24 April 2020 – Disruptions of food supply chains means a major risk to family farmers amid the COVID-19 crisis. Family farmers in developing countries have generally limited resources to deal with the pandemic’s knock-on effects. “Our response to the crisis is peasant solidarity”, stresses Henri Bies-Péré, President of the French Farmers and International Development (Agriculteurs français et développement international – Afdi). Based in France, Afdi is a non-governmental organization made up of French agricultural professionals aiming to support farmers’ organizations in developing countries. The interview below was originally posted by Afdi.
The fight against the coronavirus pandemic is accompanied by restrictive measures all over the world. What are the impacts on family farmers in Africa?
The risk, in Africa as in France, is the disruption of the food supply chains. The closing of shops and markets hinders access to food and inputs and reduces sources of income. In addition, if farmers do not have access to seeds, many crop seasons will be impacted. The reduction in the availability of agricultural products in 2020 risks further undermining access to food and worsening food shortages.
An additional difficulty is that most farmers in the Global South have no cash resources to hold. The food security of the most vulnerable is therefore at stake.
How are Afdi’s partner farmers’ organizations coping with the crisis?
They are already everywhere on the front. On the one hand, they are fighting for the health of their teams and their members. On the other, they are mobilizing to ensure the availability of agricultural products and the continuity of activities.
There are many initiatives. Most farmers’ organizations have launched communication activities (to raise awareness) about preventive measures to limit transmission. The Togolese Coordination of Peasant Organizations and Agricultural Producers (CTOP) distributes food to the most vulnerable; Aprofika, an organization of women in Chad, makes masks and increases its production of soaps; in Benin, the Federation of Producers’ Unions (FUPRO) will produce radio broadcasts on preventive measures and hygiene in agricultural production.
Farmers’ organizations (FOs) are particularly involved in maintaining the economic activity of their members. Rofama, a dairy cooperative in Madagascar, will set up in a few days a system for telephone orders and home delivery of dairy products to limit the effects of confinement; the federation of seed producers in Benin is increasing the number of local outlets to meet the needs of producers, as the agricultural season begins. These are just a few examples among many. All Afdi partner FOs are mobilized.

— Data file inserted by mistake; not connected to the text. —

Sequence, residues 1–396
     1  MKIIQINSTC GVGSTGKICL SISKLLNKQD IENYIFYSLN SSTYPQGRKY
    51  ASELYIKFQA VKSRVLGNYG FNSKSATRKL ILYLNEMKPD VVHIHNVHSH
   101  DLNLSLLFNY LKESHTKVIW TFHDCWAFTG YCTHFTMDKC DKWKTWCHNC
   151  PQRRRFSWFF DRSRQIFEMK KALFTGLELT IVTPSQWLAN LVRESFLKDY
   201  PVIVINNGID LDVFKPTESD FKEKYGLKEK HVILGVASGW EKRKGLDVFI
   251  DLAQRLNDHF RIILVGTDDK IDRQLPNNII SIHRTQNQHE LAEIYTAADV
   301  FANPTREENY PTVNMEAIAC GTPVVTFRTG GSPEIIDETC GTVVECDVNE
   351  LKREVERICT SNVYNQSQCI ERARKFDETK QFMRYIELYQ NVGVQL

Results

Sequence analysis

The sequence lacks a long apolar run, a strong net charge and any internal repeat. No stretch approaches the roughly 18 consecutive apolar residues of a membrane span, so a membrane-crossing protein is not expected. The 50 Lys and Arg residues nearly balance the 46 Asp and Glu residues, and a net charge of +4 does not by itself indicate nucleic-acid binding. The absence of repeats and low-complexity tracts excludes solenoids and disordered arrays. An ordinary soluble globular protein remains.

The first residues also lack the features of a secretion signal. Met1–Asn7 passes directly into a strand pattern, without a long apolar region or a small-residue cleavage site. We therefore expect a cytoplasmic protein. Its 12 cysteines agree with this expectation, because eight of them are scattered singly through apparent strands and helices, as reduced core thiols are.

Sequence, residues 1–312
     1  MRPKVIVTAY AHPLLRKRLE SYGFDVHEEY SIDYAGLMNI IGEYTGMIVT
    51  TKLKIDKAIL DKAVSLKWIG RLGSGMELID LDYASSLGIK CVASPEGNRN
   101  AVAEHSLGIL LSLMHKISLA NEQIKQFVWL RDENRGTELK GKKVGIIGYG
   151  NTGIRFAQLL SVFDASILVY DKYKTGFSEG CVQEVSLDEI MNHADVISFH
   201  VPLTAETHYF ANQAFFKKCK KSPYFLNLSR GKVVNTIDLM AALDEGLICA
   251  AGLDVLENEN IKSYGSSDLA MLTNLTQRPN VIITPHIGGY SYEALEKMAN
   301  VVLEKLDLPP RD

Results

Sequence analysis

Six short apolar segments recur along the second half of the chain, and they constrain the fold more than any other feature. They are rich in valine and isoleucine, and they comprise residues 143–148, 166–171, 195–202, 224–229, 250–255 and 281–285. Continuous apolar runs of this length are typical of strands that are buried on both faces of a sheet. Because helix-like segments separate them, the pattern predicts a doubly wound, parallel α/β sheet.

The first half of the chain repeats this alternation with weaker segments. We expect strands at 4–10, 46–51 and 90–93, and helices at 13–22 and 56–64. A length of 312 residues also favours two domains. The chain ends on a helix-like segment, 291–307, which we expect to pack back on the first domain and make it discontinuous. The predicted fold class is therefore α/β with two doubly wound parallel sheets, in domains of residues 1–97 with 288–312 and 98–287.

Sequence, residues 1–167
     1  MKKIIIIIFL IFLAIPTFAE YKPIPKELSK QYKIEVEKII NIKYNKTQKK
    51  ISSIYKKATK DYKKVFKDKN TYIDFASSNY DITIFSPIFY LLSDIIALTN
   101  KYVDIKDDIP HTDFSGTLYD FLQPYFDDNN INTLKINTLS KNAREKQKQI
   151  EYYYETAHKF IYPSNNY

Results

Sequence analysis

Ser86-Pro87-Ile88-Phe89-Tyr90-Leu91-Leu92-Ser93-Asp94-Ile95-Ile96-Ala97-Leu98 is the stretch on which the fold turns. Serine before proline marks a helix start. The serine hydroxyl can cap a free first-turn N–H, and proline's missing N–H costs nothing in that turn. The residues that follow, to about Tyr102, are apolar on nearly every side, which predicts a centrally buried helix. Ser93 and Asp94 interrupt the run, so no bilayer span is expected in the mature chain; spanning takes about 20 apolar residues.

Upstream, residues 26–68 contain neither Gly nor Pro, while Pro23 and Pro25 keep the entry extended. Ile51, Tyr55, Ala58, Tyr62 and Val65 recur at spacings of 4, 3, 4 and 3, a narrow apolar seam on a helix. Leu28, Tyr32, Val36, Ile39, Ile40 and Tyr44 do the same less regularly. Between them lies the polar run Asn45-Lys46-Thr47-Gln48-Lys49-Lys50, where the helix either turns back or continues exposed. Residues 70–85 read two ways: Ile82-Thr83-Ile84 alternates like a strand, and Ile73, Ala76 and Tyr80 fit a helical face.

At the regional level, the Network of Farmers Organizations and Agricultural Producers of West Africa (ROPPA) has set up a monitoring committee with its network of national platforms, and is negotiating emergency measures for the agricultural sector with States and regional institutions. Afdi is part of this monitoring committee.
How can Afdi support the actions of its partners?
In multiple ways and according to their needs. What we are experiencing is something new, but together we can certainly conceive appropriate responses. We need to ensure activities will continue both at the farm level and along the value chain.
We are rescheduling the 2020 activities to adapt them to new needs. We are helping them to consolidate a digital-based information system with their members. We share the initiatives of agricultural professional organizations from different countries, including France, to encourage the emergence of new ideas.
In the longer term, we must support farmers’ organizations in their advocacy to promote a real support plan for family farming, so that it contributes to food sovereignty on the African continent. The episode we are going through should make decision-makers aware that agriculture must be a top priority in their action.
Is Afdi engaging with Agricord and PAFO in a plan to respond to the crisis? What is it about?
This is a joint initiative of the AgriCord Alliance, which is made up of 13 agro-agencies from all continents, including Afdi, and of the Pan African Farmers Organisation (PAFO) to respond to the crisis in collaboration with African farmers’ organizations. The aim is to limit the crisis’ impact on food supply chains on the one hand, and to anticipate the post-crisis period on the other. A consultation of peasant leaders and peasant organizations was conducted in mid-March across the continent to draw up an inventory of the negative effects of the pandemic, collect proposals for solutions, and organize actions from the local to the international level.
Our response to the crisis is peasant solidarity. Sharing the same planet, we must be responsible and fair in the same spirit.